Every year the Tate Gallery in London awards the Turner Prize to Britain’s weirdest artist. The award is £25,000 and there are four finalists exhibiting their work:

  • Paul Noble – drawings of his invented city “Nobson Newtown” and scatological sculptures (poo statutes).
  • Spartacus Chetwynd – medieval morality plays with characters dressed like trees.
  • Luke Fowler – a film covering the life and work of maverick Scottish psychiatrist RD Laing (1927-89), and photographs of people in everyday poses.
  • Elizabeth Price – a film in three parts, The Woolworths Choir of 1979, about a fire in 1979 that killed 10 people set to the music of girl pop bands.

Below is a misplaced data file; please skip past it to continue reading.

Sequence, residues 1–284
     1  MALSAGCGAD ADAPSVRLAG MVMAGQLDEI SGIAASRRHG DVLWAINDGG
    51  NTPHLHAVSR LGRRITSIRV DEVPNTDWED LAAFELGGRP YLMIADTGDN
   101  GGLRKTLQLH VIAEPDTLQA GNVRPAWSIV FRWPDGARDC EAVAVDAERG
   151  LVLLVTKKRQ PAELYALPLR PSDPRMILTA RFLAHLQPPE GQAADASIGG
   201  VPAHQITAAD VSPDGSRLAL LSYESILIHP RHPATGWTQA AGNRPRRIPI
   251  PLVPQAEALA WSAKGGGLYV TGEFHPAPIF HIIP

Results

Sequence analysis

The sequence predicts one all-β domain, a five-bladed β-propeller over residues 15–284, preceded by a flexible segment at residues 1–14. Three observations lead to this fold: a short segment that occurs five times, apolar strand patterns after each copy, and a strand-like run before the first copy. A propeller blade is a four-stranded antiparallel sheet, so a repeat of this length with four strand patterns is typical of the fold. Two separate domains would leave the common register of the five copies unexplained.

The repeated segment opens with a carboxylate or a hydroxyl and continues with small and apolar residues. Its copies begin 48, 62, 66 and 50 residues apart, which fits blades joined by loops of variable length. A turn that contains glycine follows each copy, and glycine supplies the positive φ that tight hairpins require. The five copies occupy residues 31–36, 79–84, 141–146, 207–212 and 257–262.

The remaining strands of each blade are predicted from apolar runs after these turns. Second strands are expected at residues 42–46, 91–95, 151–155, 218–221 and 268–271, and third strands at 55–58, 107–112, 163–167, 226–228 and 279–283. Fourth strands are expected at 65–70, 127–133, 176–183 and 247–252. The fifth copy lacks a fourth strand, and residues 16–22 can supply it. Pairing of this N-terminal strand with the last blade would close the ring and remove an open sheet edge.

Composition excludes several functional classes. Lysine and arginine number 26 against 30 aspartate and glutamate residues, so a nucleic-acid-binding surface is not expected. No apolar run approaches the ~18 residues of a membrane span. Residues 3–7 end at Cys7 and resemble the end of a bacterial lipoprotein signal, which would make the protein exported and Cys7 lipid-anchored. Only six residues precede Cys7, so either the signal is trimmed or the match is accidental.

The winner is selected on December 3, 2012.

Photos of their work and a video of the exhibitions with Adrian Searle.


Intricate drawing of Nobson Newtown by Paul Noble. (source: Jonathan Hordle/Rex Features)


Scatological sculpture (poo) from the people of Nobson Newtown, previous illustration in the background. (source: Jonathan Hordle/Rex Features)


An inflatable slide as part of the exhibition – Spartacus Chetwynd. (source: Jonathan Hordle/Rex Features)


The Tree People – Spartacus Chetwynd. (source: Jonathan Hordle/Rex Features)


Luke Fowler self-portrait. (source: Peter Macdiarmid/Getty Images)


Film, the Woolworths Fire of 1979 – Elizabeth Price. (source: Peter Macdiarmid/Getty Images)


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